•        Health certificates – almost all states will require you to provide a health certificate before you can board the plane. Sick pets will not be allowed on board, or into the cabin area. Pets who are sick will probably have to travel inside of the cargo area.

Step 3: Make sure to pick an airline with allows pets on board and get familiar with their safely regulations

There are several ways in which your pet can travel with you:

  •        Checked Baggage Cabin: Pets traveling in the cabin must fly with an adult passenger and travel in an airline compliant carrier stowed under the seat.
  •        Checked Baggage Cargo: Pets traveling with a passenger that are not permitted in the cabin can be transported as checked baggage in the cargo hold.
  •        Manifest Cargo: Unaccompanied or very large pets will travel as manifest cargo in the hold.
  •        Service/Comfort Animals: Service and Emotional Animals can travel in the cabin with a disabled passenger on many airlines.

Many airlines will provide you with a pet carrier. However, make sure that you check this information before you arrive at the airport. Also, make sure that you check which documents you exactly need in order to be able to travel with your pet.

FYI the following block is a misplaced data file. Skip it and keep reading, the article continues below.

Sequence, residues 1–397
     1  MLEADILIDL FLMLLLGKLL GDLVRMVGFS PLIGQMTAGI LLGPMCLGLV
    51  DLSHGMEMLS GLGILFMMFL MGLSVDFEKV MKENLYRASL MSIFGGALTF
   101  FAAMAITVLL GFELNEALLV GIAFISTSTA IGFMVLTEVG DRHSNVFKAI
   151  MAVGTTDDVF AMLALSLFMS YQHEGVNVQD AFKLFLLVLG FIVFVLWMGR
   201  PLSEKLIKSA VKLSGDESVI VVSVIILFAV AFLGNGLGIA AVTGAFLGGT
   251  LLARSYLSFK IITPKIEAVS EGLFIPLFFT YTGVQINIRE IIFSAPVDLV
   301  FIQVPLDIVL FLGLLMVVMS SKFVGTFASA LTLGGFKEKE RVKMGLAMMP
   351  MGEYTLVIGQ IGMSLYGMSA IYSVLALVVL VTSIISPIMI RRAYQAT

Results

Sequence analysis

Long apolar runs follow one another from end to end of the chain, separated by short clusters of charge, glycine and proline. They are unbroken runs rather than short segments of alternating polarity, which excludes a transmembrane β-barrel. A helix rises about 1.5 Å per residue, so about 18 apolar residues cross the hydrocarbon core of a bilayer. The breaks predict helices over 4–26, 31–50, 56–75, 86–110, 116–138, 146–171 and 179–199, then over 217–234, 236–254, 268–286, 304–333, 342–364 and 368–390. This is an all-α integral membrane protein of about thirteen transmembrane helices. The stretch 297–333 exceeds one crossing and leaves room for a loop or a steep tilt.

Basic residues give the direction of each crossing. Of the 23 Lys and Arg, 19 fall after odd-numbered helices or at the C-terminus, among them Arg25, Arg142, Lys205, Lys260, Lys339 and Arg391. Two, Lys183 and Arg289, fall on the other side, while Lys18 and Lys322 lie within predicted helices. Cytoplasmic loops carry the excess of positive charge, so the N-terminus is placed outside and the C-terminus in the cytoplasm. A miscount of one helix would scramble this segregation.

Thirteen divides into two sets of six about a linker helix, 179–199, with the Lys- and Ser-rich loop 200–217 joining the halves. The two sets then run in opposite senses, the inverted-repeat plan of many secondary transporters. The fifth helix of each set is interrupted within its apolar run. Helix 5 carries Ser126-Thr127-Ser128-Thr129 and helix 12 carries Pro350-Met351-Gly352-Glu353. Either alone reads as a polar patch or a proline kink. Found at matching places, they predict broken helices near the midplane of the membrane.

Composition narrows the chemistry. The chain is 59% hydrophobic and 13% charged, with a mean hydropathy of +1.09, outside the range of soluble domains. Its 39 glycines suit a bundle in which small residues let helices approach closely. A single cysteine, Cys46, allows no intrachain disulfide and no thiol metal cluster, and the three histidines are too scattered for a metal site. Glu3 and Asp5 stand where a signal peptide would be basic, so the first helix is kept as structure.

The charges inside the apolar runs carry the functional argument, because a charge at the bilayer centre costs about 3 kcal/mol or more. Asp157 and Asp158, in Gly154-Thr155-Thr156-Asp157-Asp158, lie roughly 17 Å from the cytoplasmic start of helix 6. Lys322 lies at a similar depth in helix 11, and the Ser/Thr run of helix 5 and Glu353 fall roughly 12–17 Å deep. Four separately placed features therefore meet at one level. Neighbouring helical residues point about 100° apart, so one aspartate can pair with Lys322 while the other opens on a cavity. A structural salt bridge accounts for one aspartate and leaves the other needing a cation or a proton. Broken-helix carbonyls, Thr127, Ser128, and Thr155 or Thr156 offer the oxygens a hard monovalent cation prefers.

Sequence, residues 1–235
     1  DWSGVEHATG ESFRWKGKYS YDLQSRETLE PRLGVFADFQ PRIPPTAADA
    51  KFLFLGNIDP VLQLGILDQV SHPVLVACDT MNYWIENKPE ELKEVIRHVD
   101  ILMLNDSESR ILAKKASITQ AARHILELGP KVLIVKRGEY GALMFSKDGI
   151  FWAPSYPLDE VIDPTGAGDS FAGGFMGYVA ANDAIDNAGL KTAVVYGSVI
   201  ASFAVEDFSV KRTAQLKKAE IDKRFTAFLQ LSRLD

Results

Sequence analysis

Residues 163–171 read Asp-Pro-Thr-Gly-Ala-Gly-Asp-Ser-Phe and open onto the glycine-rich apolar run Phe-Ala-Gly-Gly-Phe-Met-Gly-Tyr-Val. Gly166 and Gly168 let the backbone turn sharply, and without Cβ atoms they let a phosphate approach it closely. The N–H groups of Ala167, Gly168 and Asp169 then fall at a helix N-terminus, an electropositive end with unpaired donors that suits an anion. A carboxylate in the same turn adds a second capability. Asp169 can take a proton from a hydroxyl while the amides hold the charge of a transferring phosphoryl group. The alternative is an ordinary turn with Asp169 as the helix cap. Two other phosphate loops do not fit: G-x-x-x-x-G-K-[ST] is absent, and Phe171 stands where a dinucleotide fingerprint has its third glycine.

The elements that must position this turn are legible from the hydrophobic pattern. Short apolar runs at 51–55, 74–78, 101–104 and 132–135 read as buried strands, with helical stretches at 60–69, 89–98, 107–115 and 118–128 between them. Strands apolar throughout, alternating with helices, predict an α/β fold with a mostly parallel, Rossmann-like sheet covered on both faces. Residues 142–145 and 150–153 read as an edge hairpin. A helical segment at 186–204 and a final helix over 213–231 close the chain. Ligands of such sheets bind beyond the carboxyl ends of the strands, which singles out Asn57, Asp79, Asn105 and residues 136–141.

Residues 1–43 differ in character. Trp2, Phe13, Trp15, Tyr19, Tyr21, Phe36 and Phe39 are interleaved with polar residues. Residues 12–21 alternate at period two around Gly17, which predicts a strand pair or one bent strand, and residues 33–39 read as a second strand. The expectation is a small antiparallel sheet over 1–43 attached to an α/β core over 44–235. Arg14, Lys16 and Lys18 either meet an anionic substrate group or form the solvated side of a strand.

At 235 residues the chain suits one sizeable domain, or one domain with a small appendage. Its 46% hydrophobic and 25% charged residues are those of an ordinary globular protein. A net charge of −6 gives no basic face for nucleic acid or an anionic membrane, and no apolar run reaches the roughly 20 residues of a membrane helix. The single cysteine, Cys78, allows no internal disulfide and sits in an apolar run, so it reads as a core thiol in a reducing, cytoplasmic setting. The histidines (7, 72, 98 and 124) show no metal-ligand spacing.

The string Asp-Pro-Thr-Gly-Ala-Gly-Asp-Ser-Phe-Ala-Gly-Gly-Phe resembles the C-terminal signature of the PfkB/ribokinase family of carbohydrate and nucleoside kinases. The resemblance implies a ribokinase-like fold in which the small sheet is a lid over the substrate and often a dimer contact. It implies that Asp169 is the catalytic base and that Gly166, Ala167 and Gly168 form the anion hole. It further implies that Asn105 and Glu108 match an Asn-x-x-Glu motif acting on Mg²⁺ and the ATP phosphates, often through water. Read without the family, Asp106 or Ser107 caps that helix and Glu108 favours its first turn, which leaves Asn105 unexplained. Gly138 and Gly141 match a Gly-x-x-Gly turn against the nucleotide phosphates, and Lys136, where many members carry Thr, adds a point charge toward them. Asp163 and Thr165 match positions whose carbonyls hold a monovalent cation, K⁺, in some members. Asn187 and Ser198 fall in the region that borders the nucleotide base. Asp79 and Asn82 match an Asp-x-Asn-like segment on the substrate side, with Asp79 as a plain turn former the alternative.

Step 4: Here’s a complete list of everything you’ll need

  •         Documents – Everything you pet might need in order to leave the country and enter a new one
  •         Vaccine Certificates – This can be easily obtained at your local vet office
  •         Microchip – Certain countries require your pet to be microchipped, so make sure you get that sorted out before you depart
  •         ID tags – Make sure that your pet wears a collar with an ID tag! This will ensure you that, in case it gets lost during transportation, you will be able to get it back.

·            A pet carrier for the airplane – if the airline you’re flying does not provide these for you, you will have to make sure that you have your own pet carrier in order to avoid any problems.